Last time we looked at how data is at the heart of Netflix’s success in helping them to predict successful movies and TV shows. If you missed that post, you can read it here.
As we move through the DATA > INSIGHT > ACTION loop, this blog post deep-dives further into the INSIGHT aspect of Netflix’s data.
We have already established that Netflix collects A LOT of data. Storage of that data so that it is readily accessible for analysis is a challenge. In order to do this, Netflix has to use a Data Warehouse combined with a Data Analytics tool to create a Single Customer View, measure KPIs and visualise the data to generate insights.
How does this insight maximise Netflix’s return on investment?
For Netflix, ROI means achieving the maximum customer happiness and loyalty per dollar spent. To maximise user happiness, Netflix has to continually provide really relevant content to its subscribers’ interests. However, with a price tag of $6 million per episode, totalling $45 million for the Stranger Things series, getting it wrong, could be a very expensive mistake to make. But Netflix has ensured that their spend has been successful through using historical data to predict subscriber satisfaction.
Their Machine Learning and Data Science approach to identify high potential content is so successful that, compared to the rest of the TV industry, where just 35% of shows are renewed past their first season, Netflix renews 93% of its original series.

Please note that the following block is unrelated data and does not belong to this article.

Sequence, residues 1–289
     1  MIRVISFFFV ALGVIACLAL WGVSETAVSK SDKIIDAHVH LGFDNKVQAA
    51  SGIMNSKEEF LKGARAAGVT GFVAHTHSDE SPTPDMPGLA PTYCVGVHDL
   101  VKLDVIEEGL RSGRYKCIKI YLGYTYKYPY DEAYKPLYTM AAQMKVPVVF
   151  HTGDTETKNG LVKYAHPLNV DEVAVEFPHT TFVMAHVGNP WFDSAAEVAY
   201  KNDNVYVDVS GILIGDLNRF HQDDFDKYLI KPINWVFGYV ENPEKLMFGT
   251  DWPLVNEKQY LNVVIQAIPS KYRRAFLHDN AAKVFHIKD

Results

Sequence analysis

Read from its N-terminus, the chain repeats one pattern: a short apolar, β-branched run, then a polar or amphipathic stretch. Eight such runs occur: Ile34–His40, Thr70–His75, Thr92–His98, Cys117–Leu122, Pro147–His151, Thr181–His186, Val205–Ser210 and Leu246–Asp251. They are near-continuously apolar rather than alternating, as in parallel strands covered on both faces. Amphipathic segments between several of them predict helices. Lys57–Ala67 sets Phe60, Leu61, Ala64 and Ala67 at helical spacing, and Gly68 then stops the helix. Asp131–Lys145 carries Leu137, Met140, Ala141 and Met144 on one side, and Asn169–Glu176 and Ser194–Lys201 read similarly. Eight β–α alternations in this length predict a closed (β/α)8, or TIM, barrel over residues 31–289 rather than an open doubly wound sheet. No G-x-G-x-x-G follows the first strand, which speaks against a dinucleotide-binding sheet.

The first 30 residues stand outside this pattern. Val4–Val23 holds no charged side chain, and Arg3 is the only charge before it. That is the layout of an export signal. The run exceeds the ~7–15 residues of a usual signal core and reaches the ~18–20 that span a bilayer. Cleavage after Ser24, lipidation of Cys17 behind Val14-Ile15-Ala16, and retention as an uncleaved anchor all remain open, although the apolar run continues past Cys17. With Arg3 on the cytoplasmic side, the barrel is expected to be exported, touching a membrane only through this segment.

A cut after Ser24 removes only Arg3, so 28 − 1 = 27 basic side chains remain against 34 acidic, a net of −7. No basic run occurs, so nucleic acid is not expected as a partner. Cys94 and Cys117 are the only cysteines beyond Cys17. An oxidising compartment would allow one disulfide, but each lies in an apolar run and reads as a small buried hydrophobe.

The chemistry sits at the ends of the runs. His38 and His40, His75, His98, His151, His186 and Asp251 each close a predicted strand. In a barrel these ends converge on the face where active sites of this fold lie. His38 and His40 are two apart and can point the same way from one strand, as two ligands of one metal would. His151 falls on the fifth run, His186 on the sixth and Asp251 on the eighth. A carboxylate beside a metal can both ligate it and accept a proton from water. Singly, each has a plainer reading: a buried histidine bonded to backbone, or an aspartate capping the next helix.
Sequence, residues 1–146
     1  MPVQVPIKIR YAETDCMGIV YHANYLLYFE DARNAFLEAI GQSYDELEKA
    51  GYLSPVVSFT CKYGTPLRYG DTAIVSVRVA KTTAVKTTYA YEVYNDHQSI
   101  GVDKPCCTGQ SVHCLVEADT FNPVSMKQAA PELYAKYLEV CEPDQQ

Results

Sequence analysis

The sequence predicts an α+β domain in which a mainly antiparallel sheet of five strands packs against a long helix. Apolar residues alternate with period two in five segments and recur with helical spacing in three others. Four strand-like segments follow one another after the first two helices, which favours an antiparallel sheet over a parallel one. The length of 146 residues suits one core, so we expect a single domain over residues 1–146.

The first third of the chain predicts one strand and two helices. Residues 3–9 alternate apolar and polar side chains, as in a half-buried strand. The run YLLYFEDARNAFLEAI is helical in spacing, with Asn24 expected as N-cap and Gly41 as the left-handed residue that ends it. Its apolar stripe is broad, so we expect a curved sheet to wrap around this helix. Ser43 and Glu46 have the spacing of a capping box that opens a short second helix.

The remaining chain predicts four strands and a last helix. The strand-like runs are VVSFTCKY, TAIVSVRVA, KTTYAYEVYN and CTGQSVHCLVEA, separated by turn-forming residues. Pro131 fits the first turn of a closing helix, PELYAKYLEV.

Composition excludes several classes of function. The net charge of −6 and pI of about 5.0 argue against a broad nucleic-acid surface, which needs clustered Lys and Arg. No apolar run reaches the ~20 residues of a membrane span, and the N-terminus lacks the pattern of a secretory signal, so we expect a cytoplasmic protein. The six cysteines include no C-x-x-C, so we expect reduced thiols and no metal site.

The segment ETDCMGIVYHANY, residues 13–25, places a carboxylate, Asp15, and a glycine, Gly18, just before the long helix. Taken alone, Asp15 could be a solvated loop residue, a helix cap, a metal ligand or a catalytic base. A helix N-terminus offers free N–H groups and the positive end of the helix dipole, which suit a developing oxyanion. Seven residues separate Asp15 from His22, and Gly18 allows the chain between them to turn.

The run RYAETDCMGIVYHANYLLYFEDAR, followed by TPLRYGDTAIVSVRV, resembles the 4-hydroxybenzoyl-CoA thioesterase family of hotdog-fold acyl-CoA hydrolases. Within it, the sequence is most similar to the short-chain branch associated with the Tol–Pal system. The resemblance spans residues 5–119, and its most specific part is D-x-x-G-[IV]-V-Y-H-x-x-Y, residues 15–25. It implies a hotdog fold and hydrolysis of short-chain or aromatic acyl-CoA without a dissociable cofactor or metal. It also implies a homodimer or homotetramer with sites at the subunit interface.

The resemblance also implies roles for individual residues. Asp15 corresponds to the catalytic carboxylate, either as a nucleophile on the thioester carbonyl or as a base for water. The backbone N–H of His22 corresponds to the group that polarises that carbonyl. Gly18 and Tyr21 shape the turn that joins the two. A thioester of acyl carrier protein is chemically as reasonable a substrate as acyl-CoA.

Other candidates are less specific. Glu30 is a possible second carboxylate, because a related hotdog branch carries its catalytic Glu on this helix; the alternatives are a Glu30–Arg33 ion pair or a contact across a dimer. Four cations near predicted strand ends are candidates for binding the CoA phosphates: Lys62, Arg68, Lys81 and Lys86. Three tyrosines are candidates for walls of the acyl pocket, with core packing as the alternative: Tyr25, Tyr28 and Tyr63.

To measure users’ happiness, Netflix uses various and complicated algorithms. This enables Netflix to quickly get quantitative answers (insights) to specific questions and to predict viewing rates for Stranger Things. When Netflix’s decision-makers were reviewing the Stranger Things project, I assume they had concerns such as:
Netflix will input those concerns along with some requirements into a smart algorithm. This algorithm will produce a list of indicators that helps Netflix’s decision-makers understand if the show would be a good investment. Going forward, using machine learning and data science, the system will also be able to share recommendations about how Netflix can improve the existing predictive score and maximise their investment.
For instance, for Stranger Things it could be:
Using powerful analytical tools such as Looker, Power BI and Tableau Netflix can investigate the recommendations that have been generated. Through manipulating the data and creating visualisations insights can be produced at a very granular level.
The main goal from this activity is to find a way to minimise the risk as well as define the action plan before and after making the decision to buy into a TV series or movie.
Predicting successful content is not the only area where machine learning and data science is being used to drive more outcomes as you can see below:
In our next Stranger Things post we complete the DATA >> INSIGHT >> ACTION loop and look at how Netflix puts the initial two stages of the process into action.